As Pacquiao-Mayweather fails, boxing proves its own worst enemy

A picture is worth a thousand words. So let’s make a visual out of the current state of boxing.

Close your eyes and remember. October 1993. Las Vegas. The land is needed more than the building, so they fill the venerable Dunes Hotel on the Strip with dynamite, push a button and it implodes.

January 2010. The good ol’ USA. No dynamite, just stupidity and ego. Same thing happens. Boxing implodes.

Last Sunday, promoter Bob Arum of Top Rank announced that Manny Pacquiao of the Philippines will fight Joshua Clottey of Ghana. The fight will be March 13 in the Dallas Cowboys’ new football stadium.

Later that same day, Richard Schaefer of Golden Boy Promotions announced that Floyd Mayweather Jr. would fight an opponent to be determined. The fight will be March 13 at the MGM Grand Garden in Las Vegas.

Yes, these are the two premier boxers in their sport.

Yes, they were supposed to fight each other.

And yes, that fight was supposed to be on March 13.

The world anticipated that one. Wallets and checkbooks were open. Sponsors were lining up. The estimated $60 pay-per-view tab even seemed reasonable. The bout would put boxing on the front pages next to the likes of Lakers and Dodgers, and in the same breath with them on the nightly newscasts.

This was a big deal, and then it wasn’t. The fight was off. Mayweather’s camp implied that Pacquiao must be enhancing his performances with drugs because he got so big and so good so fast. Pacquiao, with no credible hint whatsoever of any such activity, was offended, eventually said he wanted no part of the Mayweather camp and even sued for defamation.

Keep in mind that each fighter was to be guaranteed $25 million, and the likely final take for each, with projected pay-per-view revenue, was closer to $40 million.

In the end, this was an impasse the size of the Grand Canyon.

Then boxing made it worse.

By announcing separate fights on the same date, they split everything in two, especially their fan base. Television networks would have to choose. HBO is the sport’s cash cow and it now must choose, alienating whomever it rejects.

Even if the two shows come off at different times with a two-hour difference from Central to Pacific zones, few are likely to plunk down money to buy both. Sports editors, website editors and TV program directors are likely to look at this mess, look at their ever-dwindling budgets and keep their reporters at home.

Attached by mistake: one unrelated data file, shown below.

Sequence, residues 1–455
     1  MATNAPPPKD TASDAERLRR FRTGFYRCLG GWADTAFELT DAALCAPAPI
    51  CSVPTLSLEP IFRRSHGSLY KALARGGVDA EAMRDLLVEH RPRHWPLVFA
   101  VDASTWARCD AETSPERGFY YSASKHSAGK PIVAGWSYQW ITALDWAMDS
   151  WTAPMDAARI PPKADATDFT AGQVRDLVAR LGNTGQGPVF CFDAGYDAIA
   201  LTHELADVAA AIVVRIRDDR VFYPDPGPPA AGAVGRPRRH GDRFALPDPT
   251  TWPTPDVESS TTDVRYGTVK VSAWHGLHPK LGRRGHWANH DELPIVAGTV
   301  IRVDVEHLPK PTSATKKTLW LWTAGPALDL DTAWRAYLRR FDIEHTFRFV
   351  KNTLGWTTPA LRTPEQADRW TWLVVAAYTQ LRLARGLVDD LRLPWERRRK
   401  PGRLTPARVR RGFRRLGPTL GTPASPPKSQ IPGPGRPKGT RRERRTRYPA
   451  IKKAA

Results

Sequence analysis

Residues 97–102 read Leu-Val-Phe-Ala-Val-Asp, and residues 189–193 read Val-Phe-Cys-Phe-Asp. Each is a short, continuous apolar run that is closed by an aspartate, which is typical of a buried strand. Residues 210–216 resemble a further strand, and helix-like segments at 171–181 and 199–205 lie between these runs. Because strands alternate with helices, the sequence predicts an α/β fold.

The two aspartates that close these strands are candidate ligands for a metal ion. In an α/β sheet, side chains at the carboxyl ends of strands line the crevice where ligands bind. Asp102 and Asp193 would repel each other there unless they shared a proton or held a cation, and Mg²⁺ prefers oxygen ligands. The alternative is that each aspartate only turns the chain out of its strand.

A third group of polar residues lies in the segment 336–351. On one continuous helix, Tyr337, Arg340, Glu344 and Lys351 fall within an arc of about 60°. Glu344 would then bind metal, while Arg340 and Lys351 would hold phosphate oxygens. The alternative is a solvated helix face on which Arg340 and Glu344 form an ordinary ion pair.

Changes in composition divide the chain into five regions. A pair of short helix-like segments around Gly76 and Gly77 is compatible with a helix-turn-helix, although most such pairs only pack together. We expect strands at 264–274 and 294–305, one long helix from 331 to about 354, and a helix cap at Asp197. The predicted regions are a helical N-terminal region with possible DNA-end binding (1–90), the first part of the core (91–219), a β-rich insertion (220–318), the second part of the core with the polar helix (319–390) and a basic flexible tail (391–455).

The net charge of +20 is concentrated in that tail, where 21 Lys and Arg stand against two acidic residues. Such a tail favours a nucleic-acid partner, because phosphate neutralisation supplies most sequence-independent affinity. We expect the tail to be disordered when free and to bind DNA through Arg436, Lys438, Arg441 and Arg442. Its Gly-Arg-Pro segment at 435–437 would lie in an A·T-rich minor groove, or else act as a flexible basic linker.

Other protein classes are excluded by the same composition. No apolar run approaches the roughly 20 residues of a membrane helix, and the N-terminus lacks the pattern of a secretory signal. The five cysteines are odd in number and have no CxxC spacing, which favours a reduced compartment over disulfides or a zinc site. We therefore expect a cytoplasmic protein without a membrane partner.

In essence, boxing canceled a Super Bowl and replaced it with two lesser events at the same time on competing channels. Nice work.

What ever happened to “United we stand, divided we fall”? In boxing, it appears to be “Every man for himself and take the other guy down with you.”

If you are looking for a winner in this non-fight fight, it is probably the Pacquiao side. His fight with Clottey has the possibility of being competitive. It also has the attraction of a shiny new venue. Plus, whatever media attention is available, it will go more to the current star, Pacquiao. He has been backing up the Brinks truck after each fight for the last several years, while Mayweather, already retired and unretired once, has been less active.

Pacquiao, and promoter Arum, were in much better financial standing to walk away from a mega-fight. Mayweather has made millions, but has also fought recently, at least in part, for the benefit of the Internal Revenue Service.

Arum was Mayweather’s promoter for many years, and is not shy about telling people he never made money with Mayweather and that Mayweather walked away from him just as his career became financially viable. Mayweather is now managed by Al Haymon, with whom Arum has dealt over the years for many fights. They like each other like cattlemen like sheepherders.

Walking away from these guys had to bring Arum at least a tinge of satisfaction.

The possibility of a Pacquiao-Mayweather fight later in the year will depend on several things, including Pacquiao’s possible status as a congressman in the Philippines. If he is elected in May, he could conceivably do all his fighting henceforth in political chambers, not boxing rings.

Throughout this saga, Mayweather has acted badly, as is his wont. As recently as last week, with the fight and his likely $40-million payday falling apart around him, he issued a statement that used foul language and further insulted Pacquiao.

Ultimately, he trash-talked his way into the garbage bin.

The last word on this story will go to Golden Boy’s Schaefer, who unwittingly summed it all up. Early on in the talks, he said, “If we can’t make this fight, we are idiots.”